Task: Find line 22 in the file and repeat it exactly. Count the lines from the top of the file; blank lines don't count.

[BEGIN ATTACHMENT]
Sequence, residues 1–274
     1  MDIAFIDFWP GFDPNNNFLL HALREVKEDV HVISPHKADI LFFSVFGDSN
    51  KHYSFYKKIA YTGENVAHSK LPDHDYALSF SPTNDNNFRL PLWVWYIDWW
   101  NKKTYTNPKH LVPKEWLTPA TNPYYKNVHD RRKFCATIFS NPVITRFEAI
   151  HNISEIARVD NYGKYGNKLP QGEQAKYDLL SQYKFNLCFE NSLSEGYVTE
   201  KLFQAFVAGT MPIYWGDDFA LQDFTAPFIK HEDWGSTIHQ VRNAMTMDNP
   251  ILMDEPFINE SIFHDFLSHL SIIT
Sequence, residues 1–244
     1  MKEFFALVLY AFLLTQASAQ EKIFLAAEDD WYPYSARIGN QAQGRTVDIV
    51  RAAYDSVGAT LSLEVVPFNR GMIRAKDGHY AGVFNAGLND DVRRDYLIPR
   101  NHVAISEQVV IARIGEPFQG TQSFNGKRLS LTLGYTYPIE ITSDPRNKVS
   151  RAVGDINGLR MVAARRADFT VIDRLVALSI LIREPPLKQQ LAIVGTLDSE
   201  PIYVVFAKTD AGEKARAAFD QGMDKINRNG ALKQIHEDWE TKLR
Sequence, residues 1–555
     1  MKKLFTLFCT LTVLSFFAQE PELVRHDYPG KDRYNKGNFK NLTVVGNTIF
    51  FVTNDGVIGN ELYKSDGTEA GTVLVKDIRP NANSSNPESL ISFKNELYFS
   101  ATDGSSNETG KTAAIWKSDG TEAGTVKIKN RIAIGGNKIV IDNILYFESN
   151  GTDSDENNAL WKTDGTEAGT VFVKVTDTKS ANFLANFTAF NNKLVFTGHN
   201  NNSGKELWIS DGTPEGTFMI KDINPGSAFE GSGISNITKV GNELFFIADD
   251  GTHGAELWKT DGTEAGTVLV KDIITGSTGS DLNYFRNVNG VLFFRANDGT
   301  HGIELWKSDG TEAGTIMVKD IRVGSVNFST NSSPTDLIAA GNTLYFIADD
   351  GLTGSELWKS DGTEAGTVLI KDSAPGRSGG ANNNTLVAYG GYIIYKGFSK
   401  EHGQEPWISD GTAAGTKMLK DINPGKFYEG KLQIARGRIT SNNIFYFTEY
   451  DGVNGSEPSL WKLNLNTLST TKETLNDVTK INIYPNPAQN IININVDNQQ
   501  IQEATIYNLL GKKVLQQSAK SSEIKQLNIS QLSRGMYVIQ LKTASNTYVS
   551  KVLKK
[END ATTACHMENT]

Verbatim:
   351  GLTGSELWKS DGTEAGTVLI KDSAPGRSGG ANNNTLVAYG GYIIYKGFSK